Published Online: January 4, 2005
Published in Print: January 5, 2005, as ‘No Child’ Law Is a Boon for Test Industry

Letter

‘No Child’ Law Is a Boon for Test Industry

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To the Editor:

If the past two years are any guide, it’s doubtful that the $1.9 billion to $5.3 billion that states will spend over the next six years on testing to satisfy the federal No Child Left Behind Act will improve educational quality for the vast majority of students in the nation’s public schools ("NCLB Law Bestows Bounty on Test Industry," Dec. 1, 2004). It doesn’t matter if the test-makers are traditional publishers or niche players, despite the sales pitches delivered in this increasingly lucrative and expanding market. Unless the tests that established or upstart companies design support instruction, they’ll do little to provide stakeholders with reliable and valid feedback.

A look at recent evidence shows why. Tests currently in use for the most part are instructionally insensitive instruments. They fail to supply teachers with clear descriptions of the content to be assessed, overwhelm teachers with an unmanageable number of assessment targets, and lack instructionally informative results. As a result, the tests largely serve to create the appearance of accountability, rather than to measure it in any defensible way.

The winners in this process are testing companies, which are posting huge profits through sales of their tests, test-preparation materials, and textbooks. The losers are children and their teachers, who are stigmatized by a federal law that is insidiously undermining confidence in public education.

Walt Gardner
Retired Teacher
Los Angeles, Calif.

To the Editor:

Inasmuch as “testing drives teaching,” it is becoming apparent that the testing industry may soon gain full control of the teaching profession. Public school teachers are afflicted with a malady similar to that of physicians.

These two professions are controlled by large industries that feed, like parasites, on the main body. While the medical profession sustains and is controlled by the drug industry, public school teaching is in the tight grasp of an equally voracious testing industry. You report on a growing number of testing companies that are feeding on public education for millions of dollars—money that many think could otherwise be spent to benefit students.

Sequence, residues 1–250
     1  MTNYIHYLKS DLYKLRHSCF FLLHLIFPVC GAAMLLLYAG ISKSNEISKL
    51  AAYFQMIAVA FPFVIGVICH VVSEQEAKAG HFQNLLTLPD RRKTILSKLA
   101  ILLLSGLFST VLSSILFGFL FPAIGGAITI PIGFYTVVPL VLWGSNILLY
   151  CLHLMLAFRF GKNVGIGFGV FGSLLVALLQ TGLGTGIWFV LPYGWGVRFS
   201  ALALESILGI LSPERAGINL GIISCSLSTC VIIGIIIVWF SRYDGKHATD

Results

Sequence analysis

Unfortunately, the federal No Child Left Behind Act and high-stakes testing are only symptoms of a larger problem. Our culture has a mental fixation that keeps us chained to testing and effectively prevents reform of public education. This mental block is responsible for the decline and stagnation of public schooling: Virtually everyone believes that student achievement in curriculum is the main goal and purpose of education. This is what teachers aim for, try to measure, and signify with grade point averages.

Could our culture do without grade point averages as the chief indicator of learning? Why are we so obsessed with the idea that human learning and intelligence are numerically measurable?

In two elementary schools where I served as principal, we made standardized testing irrelevant. We did this by changing the goal of education. After interviewing thousands of parents, the teachers adopted “human greatness” as their main goal and united with parents to focus on helping students grow in three dimensions of greatness: identity (discovering and developing unique gifts, talents, and abilities), inquiry (expanding curiosity and hunger for knowledge, and learning how and where to search for truth), and interaction (forming healthy relationships and developing powers of expression and communication).

This focus changed the curriculum from dictating to teachers and parents to serving them. It restored teaching as a profession. We developed tools for the nonnumerical assessment of student growth in these three areas. This allowed us to change from desperately trying to meet the impossible demands of politicians to meeting the needs of a diverse student body. We quit trying to standardize students and started to do the opposite—value and nurture positive human diversity.

Lynn Stoddard
Retired Educator
Farmington, Utah

Vol. 24, Issue 16, Page 36

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